In the aftermath of Gorbachev's rescue, Yeltsin consolidated (unified) his own power. Yeltsin led the movement to dissolve the Russian parliament and outlaw the Communist Party on Russian soil. These acts further weakened Gorbachev's power base. In the fall of 1991 Yeltsin and other republic leaders declared the independence of their respective republics, and in December the presidents of Russia, Ukraine, and Belarus (Belorussia) formed the Commonwealth of Independent States (CIS), declaring they would no longer recognize the Soviet Union as of January 1, 1992. Eight other republics joined the CIS, while four republics became completely independent. Gorbachev resigned before year's end, and as of January 1, 1992, the Soviet Union no longer existed. Yeltsin, who in 1987 had been dismissed from the Soviet leadership, became the head of post-Soviet Russia, the largest of the Soviet successor states.
Yeltsin began a new chapter in 1992 as president of independent Russia. He undertook an ambitious program of economic reform with mixed results. Businesses were returned to the private sector but the economy began to crumble. Yeltsin's policies were frequently challenged during 1992, ending in a major showdown with the Russian parliament in December 1992. Yeltsin dissolved parliament in September 1993 and a sit-in (peaceful protest) began. In early October 1993, a confrontation occurred, resulting in hundreds of deaths and injuries as well as considerable damage to several Moscow landmarks. The sit-in was eventually stopped.
Yeltsin survived the political crisis, but his reputation suffered. The democratic Yeltsin who protested in the streets of Moscow in the late 1980s was forgotten and a dictatorial (harsh leadership by one) image of Yeltsin emerged. Yeltsin remained at the helm of Russian politics, but as a less heroic figure than the Yeltsin of 1991. Although reelected in 1996, Yeltsin's future was clouded by Russia's economic crisis and the failure of his reform program, combined with the bitter aftertaste of Yeltsin's confrontation with parliament.
After the 1996 elections it became clear that Yeltsin had deceived the Russian people about his health. In fact, he had suffered a heart attack prior to elections, and was not well. Although he continued as president, there was talk within the international and Russian community about who would take his place as president.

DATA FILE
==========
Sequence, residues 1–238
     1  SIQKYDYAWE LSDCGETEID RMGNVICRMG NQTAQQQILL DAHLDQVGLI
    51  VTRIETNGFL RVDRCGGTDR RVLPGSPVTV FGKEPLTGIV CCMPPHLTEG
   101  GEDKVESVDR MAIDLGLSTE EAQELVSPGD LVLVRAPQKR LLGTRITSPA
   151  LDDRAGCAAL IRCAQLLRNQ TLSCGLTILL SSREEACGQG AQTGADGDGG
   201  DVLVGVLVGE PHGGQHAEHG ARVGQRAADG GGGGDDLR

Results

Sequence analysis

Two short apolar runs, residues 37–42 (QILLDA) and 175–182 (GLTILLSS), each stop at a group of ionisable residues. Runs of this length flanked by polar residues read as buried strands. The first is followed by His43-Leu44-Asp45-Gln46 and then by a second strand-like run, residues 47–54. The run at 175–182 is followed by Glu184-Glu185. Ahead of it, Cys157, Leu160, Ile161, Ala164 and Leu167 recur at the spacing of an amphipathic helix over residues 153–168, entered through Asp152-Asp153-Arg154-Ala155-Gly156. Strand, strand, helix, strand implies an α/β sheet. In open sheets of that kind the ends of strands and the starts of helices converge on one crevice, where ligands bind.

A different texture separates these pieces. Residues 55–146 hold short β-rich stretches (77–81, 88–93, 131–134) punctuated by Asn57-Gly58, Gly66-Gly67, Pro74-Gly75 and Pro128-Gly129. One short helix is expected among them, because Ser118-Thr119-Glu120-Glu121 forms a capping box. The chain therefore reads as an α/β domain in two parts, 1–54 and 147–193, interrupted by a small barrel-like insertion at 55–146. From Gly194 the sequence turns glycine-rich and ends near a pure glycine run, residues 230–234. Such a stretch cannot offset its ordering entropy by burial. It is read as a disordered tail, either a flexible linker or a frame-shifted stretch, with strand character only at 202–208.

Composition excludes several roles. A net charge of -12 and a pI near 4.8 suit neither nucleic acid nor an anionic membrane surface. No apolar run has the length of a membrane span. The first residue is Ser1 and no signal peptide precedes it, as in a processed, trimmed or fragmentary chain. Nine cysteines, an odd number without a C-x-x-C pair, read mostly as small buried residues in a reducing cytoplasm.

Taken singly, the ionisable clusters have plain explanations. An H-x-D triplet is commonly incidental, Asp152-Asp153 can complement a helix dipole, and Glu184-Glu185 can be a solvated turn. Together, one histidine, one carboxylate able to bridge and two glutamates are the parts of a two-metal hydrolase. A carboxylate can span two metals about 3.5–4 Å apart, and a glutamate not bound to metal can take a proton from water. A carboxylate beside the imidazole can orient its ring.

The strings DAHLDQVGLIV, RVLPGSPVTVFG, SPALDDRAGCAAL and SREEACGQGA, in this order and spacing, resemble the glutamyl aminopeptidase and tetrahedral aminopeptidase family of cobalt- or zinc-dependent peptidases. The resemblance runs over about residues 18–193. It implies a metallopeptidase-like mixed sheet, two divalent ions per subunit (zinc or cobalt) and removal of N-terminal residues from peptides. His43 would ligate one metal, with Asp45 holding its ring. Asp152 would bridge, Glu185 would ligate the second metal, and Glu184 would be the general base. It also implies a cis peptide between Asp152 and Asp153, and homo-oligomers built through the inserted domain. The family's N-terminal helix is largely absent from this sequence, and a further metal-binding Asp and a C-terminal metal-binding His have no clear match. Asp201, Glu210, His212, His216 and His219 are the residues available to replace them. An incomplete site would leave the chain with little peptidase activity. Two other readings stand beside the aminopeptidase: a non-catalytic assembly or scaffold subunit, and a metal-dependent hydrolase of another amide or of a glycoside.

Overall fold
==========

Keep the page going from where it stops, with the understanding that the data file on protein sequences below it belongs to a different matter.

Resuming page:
In 1997 Yeltsin continued to face domestic problems in his new term. The Russian financial picture continued to grow grim, industrial production slowed, and even Russian life expectancy dropped drastically, by six years. Indeed, in 1997, employees frequently waited as long as three months for payment.
Yeltsin had his political stability tested again in May of 1999 when a Communist-led attempt to impeach (to charge with misconduct) him failed. Yeltsin faced five charges—one of the most significant being the accusation that he started the war in Chechnya in 1994—but eventually the charges were dropped. Yeltsin continued to suffer from health problems during his second term, spending large amounts of time out of the public eye as a result. Despite his ill health, Yeltsin remained a dominate political force, dismissing four prime ministers during 1998 and 1999.
Citing the need for new leadership in Russia, Yeltsin suddenly resigned as president on December 31, 1999. Many believed that Yeltsin's declining popularity and failing health contributed to the decision that ended the leader's second term six months early. "I am stepping down ahead of term. I understand that I must do it and Russia must enter a new millennium with new politicians, with new faces, with new intelligent, strong, energetic people, and we who have been in power for many years must go," Yeltsin said during a public address on Russian national television.
Though Yeltsin received praise from then-President Bill Clinton (1946–), most Russians would likely disagree with the glowing review of the leader's eight years in office. Yeltsin's attempts to create a better economy were often crippled by corruption and incompetence, and he became increasingly disliked by the Russian people as a result. Yeltsin appointed Russian Prime Minister Vladimir Putin (1952–) as acting president until a March 2000 election. Putin, a former KGB (the Soviet Union secret police) officer and popular politician, served as both acting president and prime minister. Yeltsin planned to start a political foundation and travel Europe in his retirement.
In 2001 Yeltsin was given Russia's highest award known as "Order of Service to the Fatherland, First Degree." President Putin honored Yeltsin with this award for his part in changing the future of Russia by helping to end the Soviet Union.
Aron, Leon. Yeltsin: A Revolutionary Life. New York: St. Martin's Press, 2000.
Ayer, Eleanor H. Boris Yeltsin: Man of the People. New York: Dillon Press, 1992.
Daniels, Robert. The End of the Communist Revolution. New York: Routledge, 1993.
Miller, Calvin Craig. Boris Yeltsin: First President of Russia. Greensboro, NC: Morgan Reynolds, 1994.
Morrison, John. Boris Yeltsin: From Bolshevik to Democrat. New York: Dutton, 1991.
Yeltsin, Boris. Against the Grain: An Autobiography. New York: Summit Books, 1990.